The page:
How to Differentiate Between Dry Scalp & Dandruff

By LeafTV Editor

Individuals affected with dry, itchy, flaky scalp may find it hard to differentiate between dry scalp and dandruff. Dandruff, also known as pityriasis, affects 45 to 50 percent of the world population while dry scalp is actually considered rare. There are a few indicators to tell the difference between these two unpleasant scalp conditions. A person suffering from either condition can treat, as well as take certain precautions to lower the occurrence and severity of the symptoms.

Curly brunette in a sweater on the coast
credit: iprogressman/iStock/GettyImages
How To Differentiate Between Dry Scalp Dandruff


Consider origins of both conditions. The scalp usually renews its cells, like any other skin cell, every month or so by producing new cells under the old ones, and then slowly sloughing the old ones off to uncover the new ones. Dandruff is a result of a fungus, which is present on all scalps, becoming overactive and triggering the accelerated production of these new skin cells, not giving the old ones time to slough off undetected. The fungus sucks up the fatty acids in the scalp's sebum, drying it up and produces acid on the scalp which leads to the itchiness. Dry scalp is usually caused by a person drying out the scalp from over processing, use of drying hair products, weather changes or improper diet.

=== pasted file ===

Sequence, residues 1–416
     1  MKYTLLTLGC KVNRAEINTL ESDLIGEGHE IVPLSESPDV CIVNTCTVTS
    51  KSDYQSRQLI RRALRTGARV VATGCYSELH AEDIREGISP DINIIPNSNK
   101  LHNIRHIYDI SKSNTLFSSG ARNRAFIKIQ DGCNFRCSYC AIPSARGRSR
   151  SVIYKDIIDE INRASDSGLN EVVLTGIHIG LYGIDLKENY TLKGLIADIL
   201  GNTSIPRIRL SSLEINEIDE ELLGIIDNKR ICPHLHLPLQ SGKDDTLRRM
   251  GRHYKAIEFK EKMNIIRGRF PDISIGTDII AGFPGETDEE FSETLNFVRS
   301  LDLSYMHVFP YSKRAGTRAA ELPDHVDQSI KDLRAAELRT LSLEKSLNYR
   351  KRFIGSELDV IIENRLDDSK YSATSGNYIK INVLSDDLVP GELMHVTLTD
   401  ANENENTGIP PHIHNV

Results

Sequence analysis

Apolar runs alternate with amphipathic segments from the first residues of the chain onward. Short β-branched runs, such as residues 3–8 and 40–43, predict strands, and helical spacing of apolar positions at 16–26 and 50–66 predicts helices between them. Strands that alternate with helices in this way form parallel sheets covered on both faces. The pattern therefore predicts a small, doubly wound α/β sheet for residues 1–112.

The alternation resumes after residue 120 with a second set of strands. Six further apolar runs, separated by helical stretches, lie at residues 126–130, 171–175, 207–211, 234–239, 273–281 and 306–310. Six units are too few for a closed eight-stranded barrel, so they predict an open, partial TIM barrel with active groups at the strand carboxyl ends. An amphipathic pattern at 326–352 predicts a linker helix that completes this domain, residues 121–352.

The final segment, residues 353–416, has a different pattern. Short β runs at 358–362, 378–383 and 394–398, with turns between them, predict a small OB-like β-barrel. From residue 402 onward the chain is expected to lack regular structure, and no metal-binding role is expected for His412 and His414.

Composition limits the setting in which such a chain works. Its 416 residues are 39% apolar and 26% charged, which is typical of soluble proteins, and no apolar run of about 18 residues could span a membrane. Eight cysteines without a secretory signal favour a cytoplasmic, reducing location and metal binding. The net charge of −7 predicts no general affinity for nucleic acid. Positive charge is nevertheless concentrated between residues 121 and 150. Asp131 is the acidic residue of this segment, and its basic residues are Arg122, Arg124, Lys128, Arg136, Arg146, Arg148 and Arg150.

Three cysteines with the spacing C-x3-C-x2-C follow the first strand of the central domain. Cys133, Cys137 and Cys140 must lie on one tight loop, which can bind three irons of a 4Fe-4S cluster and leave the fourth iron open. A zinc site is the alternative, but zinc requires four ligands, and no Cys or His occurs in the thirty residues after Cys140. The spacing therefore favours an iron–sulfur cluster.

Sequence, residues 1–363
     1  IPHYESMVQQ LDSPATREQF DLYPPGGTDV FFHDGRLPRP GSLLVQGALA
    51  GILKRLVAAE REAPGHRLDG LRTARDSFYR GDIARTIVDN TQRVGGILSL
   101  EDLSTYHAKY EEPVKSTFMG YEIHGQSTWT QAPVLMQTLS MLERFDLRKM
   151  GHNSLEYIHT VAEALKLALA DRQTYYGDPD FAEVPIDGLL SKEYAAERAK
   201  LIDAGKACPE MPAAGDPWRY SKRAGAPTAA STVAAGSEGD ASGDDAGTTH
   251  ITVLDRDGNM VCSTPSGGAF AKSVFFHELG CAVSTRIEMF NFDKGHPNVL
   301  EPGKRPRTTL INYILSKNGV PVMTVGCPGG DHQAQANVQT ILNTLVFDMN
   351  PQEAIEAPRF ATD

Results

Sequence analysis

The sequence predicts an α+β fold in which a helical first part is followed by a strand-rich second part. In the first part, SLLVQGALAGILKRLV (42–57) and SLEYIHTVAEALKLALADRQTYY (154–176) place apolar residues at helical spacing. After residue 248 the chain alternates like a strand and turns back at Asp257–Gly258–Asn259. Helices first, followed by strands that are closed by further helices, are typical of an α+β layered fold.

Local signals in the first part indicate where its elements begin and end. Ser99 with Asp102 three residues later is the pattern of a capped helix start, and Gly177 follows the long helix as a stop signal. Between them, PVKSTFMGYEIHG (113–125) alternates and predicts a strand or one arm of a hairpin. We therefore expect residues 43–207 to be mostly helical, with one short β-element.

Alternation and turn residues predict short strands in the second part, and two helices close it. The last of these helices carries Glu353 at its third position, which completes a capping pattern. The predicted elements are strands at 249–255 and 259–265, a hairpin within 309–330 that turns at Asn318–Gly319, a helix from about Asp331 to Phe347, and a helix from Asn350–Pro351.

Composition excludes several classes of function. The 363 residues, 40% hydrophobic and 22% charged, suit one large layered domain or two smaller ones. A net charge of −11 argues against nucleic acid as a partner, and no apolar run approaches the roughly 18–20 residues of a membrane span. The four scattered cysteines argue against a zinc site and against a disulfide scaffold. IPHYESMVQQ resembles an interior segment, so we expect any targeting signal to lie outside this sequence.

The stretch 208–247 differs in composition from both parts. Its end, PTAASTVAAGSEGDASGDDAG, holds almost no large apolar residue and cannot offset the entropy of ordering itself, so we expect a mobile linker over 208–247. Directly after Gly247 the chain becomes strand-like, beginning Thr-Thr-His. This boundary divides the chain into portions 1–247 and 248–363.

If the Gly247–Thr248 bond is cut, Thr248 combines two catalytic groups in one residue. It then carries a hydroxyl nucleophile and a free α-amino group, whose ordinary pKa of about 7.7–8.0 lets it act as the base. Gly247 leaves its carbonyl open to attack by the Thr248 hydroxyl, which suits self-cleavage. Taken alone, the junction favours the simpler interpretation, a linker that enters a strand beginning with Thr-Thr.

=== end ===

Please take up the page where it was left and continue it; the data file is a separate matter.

Observe the size of the flakes. Dry scalp sheds small flakes because the skin is sloughing the dry cells slowly. Dandruff sufferers shed large flakes because of the overproduction of cells that is forcing large clumps of cells off the scalp.

Look at color of the flakes. Dry scalp sheds transparent flakes you can hardly see since it is just dry, sloughed off skin cells. Dandruff produces white or yellow flakes because of the overactive fungus on the scalp.

Consider consistency of the flakes. Dry scalp produces dry flakes. Dandruff produces greasy flakes and is usually accompanied by an odor because it is a result of a fungal infection.